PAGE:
The Cost of Staying Too Long

April 11, 2022

I have a habit of staying too long.

And this habit has always been bad for my mental health.

Staying in the wrong relationships, staying in conversations with people committed to misunderstanding me or who make my experience wrong, staying in misaligned places that depleted my soul and drained my energy. Staying on a career path or continually working on things that made me depressed and apathetic.

There are plenty of justifiable reasons why I stayed.

But the truth is… I was scared.

I was scared to “blow up” my life.
I was scared to face starting over.
I was scared to explore what I really wanted.
I was scared to leave the “good” relationships.
I was scared to disappoint the people around me.
I was scared to fail, be judged, or make a mistake.
I was scared to wind up alone.
I was scared to trust myself.

So I stayed.

And staying when my soul pleaded for me to leave made me sick.

Physically, I’d experience anxiety and panic, wonky digestion, adrenal fatigue, and debilitating pain. Staying in an abusive relationship caused me to develop dysphagia, where I literally stopped being able to swallow.

Mentally, I’d find myself feeling severely depressed. Sometimes even experiencing suicidal ideation and battling an inability to function in my day-to-day life. I felt unworthy, unmotivated, and incapable of being happy and whole.

Something I say to my clients a lot is:

Nothing is worth dying over.

Perpetual stress and anxiety, staying in the wrong situations out of fear, and feeling wholly unfulfilled can literally kill you.

We know this to be true, and stress is one of the worst things for our bodies.

I stayed too long, and I stopped swallowing. For nine long days, I couldn’t even swallow my saliva. I got one bag of IV fluids, and quite honestly, I’m not sure how my body didn’t completely shut down from the severe dehydration. It was nearly a year before I could eat and drink normally again.

In the weeks after those nine days of hell, when people asked me how I was, I would answer honestly: “I’m just happy to be alive and sometimes eating soup.” And I’ve never forgotten the most crucial lesson of that experience.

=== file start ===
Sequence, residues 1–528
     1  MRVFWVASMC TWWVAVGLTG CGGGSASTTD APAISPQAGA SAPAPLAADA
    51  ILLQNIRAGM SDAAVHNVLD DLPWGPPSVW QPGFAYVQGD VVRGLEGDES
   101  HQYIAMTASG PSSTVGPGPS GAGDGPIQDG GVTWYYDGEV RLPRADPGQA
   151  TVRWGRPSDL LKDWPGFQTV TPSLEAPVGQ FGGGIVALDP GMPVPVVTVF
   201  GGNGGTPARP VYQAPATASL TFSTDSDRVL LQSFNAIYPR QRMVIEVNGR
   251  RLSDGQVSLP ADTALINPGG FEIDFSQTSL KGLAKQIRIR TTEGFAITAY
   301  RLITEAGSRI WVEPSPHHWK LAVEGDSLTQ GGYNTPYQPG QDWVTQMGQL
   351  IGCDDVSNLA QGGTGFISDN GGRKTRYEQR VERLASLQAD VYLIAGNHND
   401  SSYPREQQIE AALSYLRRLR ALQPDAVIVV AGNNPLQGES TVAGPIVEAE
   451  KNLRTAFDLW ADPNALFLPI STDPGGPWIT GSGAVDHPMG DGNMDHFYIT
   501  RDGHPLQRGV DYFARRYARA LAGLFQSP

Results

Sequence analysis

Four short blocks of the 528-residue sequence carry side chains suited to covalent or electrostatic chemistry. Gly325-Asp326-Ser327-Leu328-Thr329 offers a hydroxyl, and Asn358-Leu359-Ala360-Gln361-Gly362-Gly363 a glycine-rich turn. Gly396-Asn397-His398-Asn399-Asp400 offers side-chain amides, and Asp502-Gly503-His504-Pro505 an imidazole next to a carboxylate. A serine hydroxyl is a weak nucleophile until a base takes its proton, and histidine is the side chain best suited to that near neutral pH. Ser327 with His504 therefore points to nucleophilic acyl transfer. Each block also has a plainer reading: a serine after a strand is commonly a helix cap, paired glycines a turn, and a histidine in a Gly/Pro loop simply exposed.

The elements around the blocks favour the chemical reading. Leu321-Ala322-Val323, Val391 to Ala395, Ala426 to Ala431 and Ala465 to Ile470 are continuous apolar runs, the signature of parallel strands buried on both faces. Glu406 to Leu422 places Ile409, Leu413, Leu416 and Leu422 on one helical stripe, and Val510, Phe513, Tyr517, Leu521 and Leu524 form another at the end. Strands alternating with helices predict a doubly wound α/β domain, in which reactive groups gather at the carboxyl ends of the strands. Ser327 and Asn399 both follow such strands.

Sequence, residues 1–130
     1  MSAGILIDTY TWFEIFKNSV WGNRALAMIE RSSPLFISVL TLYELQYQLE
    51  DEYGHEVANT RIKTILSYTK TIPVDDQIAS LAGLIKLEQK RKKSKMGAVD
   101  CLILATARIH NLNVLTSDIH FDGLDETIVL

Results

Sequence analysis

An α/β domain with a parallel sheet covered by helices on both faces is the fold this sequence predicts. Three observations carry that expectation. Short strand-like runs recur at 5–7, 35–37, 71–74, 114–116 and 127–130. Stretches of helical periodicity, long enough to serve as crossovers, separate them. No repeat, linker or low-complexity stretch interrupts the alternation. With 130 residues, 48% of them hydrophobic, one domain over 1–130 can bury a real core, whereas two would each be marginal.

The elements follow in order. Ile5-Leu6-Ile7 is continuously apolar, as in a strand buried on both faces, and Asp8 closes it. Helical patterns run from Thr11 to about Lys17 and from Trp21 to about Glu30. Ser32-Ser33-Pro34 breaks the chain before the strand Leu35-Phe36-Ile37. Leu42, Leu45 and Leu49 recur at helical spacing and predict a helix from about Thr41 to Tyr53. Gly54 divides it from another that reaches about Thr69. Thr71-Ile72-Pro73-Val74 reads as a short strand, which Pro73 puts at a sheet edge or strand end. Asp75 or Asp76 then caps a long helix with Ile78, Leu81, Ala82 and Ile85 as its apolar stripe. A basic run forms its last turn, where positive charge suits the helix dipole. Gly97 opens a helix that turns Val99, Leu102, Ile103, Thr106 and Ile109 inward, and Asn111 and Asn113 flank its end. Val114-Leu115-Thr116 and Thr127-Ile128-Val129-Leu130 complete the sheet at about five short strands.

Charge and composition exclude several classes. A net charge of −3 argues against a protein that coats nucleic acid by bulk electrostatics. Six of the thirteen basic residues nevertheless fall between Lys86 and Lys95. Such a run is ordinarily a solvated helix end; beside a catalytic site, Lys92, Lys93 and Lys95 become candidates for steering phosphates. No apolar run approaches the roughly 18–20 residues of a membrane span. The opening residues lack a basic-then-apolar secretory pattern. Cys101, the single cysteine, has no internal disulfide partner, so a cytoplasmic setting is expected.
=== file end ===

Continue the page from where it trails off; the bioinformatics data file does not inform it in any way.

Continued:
Nothing is worth dying over.

I know it’s scary and hard to make the necessary changes for healing and growth. I know the terror that comes from the unknown can be paralyzing. I know that certain situations are more challenging to leave than others, and it’s not always as simple as it sounds. I know the steps you have to take can be complex, and getting to the good parts of the “after” takes time and intention. I really do know.

I also know that nothing is worth dying over.

It takes courage to leave people and situations that don’t feel aligned. It takes courage to create changes in our lives at all levels and scales. It takes courage to go after what you say you want because it requires facing yourself, getting honest about what’s not working, and trusting yourself to navigate the unknowns that come with changing your trajectory. It takes courage to take those first small steps.

Think about what it’s costing you to stay too long.

Think about what can become possible if you trust yourself.

Think about what you desire and let that pull you through the hard moments.

Think about what can go right and how you’ll be supported.

It’s easy to focus on fear over faith, but they’re the same thing. Belief in the unseen, the not yet happened. Delusions, even. So why not energize the delusion that’s more supportive of what you want? Trust yourself to navigate what’s next… you’ll be so much better for it, even if it’s challenging at first.

You may also like
Proving Is an Energy That Stagnates
Anchoring Has Been a Focal Point for Me Lately